EXCLUSIVE

Mentoring teens: Charles Lomu’s barbershop the focus of Harold David exhibition

In a small garage in Sydney's western suburb of Blacktown, self-taught barber Charles Lomu is working to keep men out of trouble and off the streets.

As a young person Lomu – now 39 – fell into crime after a promising start in NRL as a reserve for the Roosters.

Charles Lomu's modest garage barbershop is the subject of an upcoming photo exhibition. <cite>Photo: Harold David</cite>
Charles Lomu's modest garage barbershop is the subject of an upcoming photo exhibition. Photo: Harold David

"I got into break and entering, car theft, assault and robbery then went on to heavy drinking and struggled with alcohol and got myself locked up", Lomu told Fairfax Media. "When I got out I had to have a sit-down and reflect what was going on in my life."

Lomu, who had been cutting his friends' hair since he was 16, realised barbering was an untapped passion.

"I was always cutting hair right from High School but never once thought it was a career … then I worked on it and it became my job and put me on a good path. I thought this is great, I can use this to help educate other young men about responsibility, respect and manhood."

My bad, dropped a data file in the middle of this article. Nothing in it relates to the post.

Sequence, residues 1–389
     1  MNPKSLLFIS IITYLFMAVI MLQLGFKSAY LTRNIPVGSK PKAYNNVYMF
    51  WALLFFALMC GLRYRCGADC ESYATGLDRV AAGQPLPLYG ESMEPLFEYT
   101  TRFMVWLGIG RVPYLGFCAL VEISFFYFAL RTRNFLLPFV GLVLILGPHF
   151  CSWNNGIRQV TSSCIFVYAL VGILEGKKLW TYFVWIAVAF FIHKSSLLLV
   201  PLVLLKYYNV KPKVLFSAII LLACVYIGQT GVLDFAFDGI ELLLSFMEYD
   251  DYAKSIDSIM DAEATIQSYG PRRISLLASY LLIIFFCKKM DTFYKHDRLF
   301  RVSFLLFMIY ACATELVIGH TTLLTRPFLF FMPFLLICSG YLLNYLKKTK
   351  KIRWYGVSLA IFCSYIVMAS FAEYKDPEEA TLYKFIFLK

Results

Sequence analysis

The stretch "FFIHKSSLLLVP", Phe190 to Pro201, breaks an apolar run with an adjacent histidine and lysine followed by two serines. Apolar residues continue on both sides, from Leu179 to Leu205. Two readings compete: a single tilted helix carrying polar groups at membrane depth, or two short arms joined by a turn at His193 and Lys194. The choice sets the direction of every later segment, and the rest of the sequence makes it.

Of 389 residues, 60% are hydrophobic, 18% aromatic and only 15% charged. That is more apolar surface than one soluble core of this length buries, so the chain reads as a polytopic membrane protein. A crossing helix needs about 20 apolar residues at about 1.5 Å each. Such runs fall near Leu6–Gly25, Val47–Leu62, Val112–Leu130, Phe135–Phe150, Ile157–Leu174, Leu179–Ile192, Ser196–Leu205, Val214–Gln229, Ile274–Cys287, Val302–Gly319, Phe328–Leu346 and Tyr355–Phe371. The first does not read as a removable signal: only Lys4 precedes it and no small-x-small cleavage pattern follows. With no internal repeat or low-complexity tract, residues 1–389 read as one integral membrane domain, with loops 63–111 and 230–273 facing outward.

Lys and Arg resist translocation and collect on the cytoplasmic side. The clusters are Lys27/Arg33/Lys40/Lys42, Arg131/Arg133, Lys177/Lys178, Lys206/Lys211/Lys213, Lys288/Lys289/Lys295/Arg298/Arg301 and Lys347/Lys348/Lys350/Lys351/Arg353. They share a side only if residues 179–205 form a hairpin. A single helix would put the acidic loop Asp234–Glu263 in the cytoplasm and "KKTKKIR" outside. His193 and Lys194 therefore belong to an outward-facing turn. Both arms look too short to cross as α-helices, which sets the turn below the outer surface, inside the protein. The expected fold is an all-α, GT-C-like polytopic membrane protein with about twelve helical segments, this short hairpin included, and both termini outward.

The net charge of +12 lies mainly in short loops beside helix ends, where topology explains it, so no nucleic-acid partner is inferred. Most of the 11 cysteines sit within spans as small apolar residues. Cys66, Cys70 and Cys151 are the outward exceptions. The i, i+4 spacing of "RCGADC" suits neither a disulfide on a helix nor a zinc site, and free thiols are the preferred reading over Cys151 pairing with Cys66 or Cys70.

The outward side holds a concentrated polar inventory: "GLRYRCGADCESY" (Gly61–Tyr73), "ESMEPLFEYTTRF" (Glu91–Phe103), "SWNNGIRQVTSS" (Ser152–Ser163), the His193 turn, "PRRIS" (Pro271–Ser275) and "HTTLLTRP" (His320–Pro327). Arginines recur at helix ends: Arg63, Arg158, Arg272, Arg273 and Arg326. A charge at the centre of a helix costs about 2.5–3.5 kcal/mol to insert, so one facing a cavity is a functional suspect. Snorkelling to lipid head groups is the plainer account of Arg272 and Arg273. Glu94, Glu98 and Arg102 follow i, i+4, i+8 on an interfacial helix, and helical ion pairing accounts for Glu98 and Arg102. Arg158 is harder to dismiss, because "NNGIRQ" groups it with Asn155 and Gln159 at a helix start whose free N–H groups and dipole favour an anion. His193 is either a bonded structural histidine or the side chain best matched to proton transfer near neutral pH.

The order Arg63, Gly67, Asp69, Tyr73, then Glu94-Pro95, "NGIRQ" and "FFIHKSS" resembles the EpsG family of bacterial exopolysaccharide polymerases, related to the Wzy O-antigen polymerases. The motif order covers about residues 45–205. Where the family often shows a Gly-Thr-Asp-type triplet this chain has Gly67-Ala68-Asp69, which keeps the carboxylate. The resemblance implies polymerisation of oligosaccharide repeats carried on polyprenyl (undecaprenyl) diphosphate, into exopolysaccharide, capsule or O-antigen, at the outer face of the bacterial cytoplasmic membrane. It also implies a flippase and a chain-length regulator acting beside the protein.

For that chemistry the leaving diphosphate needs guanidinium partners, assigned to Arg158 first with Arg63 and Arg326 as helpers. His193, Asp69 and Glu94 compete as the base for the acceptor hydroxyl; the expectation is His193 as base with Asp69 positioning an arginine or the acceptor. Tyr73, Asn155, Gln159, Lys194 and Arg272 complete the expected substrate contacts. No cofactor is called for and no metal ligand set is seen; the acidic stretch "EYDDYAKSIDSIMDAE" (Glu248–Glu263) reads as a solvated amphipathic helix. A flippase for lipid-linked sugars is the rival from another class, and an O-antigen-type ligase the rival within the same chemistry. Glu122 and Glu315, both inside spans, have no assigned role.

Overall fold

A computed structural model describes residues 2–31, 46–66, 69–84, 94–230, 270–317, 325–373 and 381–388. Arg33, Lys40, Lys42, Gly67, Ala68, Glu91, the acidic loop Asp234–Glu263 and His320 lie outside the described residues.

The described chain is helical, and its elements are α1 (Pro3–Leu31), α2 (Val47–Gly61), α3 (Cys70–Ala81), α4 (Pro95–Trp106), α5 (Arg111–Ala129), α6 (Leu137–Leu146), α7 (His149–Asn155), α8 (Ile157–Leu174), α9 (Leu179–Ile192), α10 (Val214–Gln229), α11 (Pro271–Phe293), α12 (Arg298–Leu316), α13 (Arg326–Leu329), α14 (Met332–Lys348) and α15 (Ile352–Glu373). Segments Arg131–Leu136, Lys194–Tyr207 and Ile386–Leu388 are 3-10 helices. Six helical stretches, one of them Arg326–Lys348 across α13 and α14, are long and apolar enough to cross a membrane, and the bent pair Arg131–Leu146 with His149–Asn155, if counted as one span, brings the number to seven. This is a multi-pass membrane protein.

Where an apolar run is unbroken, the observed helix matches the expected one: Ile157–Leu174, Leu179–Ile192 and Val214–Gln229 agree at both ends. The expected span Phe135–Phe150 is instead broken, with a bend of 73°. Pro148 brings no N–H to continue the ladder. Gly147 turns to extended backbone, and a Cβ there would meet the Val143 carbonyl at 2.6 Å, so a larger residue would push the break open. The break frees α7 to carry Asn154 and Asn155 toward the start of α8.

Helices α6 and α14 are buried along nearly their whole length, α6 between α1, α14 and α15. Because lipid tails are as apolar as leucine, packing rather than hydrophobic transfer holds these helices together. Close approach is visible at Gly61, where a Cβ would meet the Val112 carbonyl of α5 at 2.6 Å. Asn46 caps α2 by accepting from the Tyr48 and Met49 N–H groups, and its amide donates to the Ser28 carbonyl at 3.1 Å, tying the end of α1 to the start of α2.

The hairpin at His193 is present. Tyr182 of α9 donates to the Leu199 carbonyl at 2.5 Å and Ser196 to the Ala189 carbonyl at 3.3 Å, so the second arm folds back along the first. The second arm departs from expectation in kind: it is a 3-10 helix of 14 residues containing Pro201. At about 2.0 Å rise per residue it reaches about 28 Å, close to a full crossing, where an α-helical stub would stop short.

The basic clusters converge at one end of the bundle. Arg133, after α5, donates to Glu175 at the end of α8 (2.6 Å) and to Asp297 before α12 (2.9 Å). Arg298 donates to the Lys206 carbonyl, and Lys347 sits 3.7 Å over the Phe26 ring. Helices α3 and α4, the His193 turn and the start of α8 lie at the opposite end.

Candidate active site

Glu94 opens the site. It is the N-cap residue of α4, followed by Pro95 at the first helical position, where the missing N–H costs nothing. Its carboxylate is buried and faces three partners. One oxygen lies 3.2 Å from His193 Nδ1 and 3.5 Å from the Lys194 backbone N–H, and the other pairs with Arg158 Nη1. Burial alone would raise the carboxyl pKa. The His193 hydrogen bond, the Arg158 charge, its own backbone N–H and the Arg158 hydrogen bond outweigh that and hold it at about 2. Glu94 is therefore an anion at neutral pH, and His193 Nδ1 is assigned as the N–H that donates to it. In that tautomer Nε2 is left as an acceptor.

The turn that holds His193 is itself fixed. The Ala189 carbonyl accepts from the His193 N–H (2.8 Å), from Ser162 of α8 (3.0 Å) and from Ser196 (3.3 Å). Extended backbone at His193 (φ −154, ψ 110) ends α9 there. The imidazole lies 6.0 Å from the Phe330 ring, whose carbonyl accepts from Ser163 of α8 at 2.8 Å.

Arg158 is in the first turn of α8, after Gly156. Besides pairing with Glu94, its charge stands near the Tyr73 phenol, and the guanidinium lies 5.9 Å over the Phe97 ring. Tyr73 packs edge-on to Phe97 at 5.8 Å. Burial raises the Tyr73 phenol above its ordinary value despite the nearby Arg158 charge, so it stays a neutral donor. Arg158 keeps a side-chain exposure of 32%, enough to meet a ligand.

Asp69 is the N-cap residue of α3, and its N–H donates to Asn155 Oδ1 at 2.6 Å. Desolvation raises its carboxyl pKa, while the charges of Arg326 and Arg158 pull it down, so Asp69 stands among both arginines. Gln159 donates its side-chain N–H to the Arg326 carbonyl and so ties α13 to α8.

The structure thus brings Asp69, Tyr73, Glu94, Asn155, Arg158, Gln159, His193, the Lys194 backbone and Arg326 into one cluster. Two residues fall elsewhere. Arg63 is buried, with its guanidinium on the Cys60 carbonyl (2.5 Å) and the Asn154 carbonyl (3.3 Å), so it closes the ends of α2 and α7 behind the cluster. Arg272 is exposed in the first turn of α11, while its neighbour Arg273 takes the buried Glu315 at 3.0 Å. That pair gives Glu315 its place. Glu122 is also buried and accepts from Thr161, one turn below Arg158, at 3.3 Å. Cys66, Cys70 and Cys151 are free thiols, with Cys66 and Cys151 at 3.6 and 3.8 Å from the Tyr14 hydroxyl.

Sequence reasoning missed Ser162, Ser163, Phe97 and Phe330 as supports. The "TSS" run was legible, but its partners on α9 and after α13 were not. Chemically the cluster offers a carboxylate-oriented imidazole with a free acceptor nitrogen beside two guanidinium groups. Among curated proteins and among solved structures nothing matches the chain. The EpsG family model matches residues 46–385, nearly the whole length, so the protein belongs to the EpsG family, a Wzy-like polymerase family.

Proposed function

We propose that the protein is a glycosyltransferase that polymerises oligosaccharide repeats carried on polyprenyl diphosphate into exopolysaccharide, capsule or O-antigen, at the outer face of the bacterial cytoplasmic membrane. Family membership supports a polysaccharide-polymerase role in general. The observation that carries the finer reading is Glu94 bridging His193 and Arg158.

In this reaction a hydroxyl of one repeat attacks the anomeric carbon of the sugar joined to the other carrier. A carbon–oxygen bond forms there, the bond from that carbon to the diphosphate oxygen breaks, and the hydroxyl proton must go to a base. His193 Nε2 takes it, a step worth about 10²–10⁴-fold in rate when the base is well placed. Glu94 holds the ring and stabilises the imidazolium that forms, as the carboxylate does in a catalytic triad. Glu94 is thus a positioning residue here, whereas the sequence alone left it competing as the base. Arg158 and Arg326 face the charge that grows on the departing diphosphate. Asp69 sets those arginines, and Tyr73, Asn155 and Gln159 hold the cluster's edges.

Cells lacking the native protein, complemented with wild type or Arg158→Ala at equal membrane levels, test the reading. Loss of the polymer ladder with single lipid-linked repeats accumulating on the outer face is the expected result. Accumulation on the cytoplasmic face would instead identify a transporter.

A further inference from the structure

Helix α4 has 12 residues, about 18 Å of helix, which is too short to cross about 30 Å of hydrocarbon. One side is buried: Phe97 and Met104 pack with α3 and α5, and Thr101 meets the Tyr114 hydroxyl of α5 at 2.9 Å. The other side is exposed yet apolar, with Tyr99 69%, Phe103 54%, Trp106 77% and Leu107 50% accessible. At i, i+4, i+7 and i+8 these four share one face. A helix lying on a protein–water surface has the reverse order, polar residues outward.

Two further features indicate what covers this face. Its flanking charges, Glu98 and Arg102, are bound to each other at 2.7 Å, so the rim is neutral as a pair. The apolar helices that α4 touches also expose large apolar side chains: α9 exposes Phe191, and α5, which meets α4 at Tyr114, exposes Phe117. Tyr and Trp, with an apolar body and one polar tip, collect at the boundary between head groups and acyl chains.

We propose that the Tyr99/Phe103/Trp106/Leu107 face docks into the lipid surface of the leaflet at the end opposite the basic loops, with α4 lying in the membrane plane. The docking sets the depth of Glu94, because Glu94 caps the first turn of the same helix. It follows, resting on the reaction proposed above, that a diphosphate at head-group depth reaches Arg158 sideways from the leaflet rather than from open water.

So Lomu set up a garage barbershop to help young people avoid the mistakes he had made growing up.

Lomu's modest garage barbershop is the subject of an upcoming photo exhibition by fashion photographer Harold David, which traces the barber's mentorship of five young men over a 10-week period.

"David's portraits showcase the impact that a good haircut can have, the feeling of confidence the transformation externally and internally. Being well-groomed can be transformative for these young people … it's about dignity," Lomu said.

Documenting the barbershop was an experience David won't forget. "Charles and his boys are larger-than-life characters. I knew I had to take a back seat and do my job as they presented the most profound moments of my career," David said.

For Lomu, mentoring youth is about saving lives.

"This project is about instilling a work ethic in these young men and making them realise if they have a dream and they go out and fight for it they can succeed, they don't need to do stupid things to make a name for themselves. They just need to have someone believing in them."

Garage Barbershop will be on show at Blacktown Arts Centre from May 11 -June 3. Visitors can make an appointment for a cut by Lomu and his five mentees each Thursday during the exhibition at a pop-up barbershop at the Centre.